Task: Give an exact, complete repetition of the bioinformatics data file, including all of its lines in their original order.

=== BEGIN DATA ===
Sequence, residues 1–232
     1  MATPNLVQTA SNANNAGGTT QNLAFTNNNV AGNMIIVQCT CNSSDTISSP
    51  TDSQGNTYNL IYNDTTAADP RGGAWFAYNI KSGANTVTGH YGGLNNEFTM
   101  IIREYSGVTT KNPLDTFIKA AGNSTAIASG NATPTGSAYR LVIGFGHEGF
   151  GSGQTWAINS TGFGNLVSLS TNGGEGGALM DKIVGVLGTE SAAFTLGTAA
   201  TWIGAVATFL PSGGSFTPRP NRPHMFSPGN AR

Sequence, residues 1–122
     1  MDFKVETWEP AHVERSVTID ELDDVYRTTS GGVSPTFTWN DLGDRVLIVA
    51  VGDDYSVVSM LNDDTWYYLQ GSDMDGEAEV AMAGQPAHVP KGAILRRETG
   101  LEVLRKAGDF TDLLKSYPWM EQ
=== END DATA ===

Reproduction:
Sequence, residues 1–232
     1  MATPNLVQTA SNANNAGGTT QNLAFTNNNV AGNMIIVQCT CNSSDTISSP
    51  TDSQGNTYNL IYNDTTAADP RGGAWFAYNI KSGANTVTGH YGGLNNEFTM
   101  IIREYSGVTT KNPLDTFIKA AGNSTAIASG NATPTGSAYR LVIGFGHEGF
   151  GSGQTWAINS TGFGNLVSLS TNGGEGGALM DKIVGVLGTE SAAFTLGTAA
   201  TWIGAVATFL PSGGSFTPRP NRPHMFSPGN AR

Sequence, residues 1–122
     1  MDFKVETWEP AHVERSVTID ELDDVYRTTS GGVSPTFTWN DLGDRVLIVA
    51  VGDDYSVVSM LNDDTWYYLQ GSDMDGEAEV AMAGQPAHVP KGAILRRETG
   101  LEVLRKAGDF TDLLKSYPWM EQ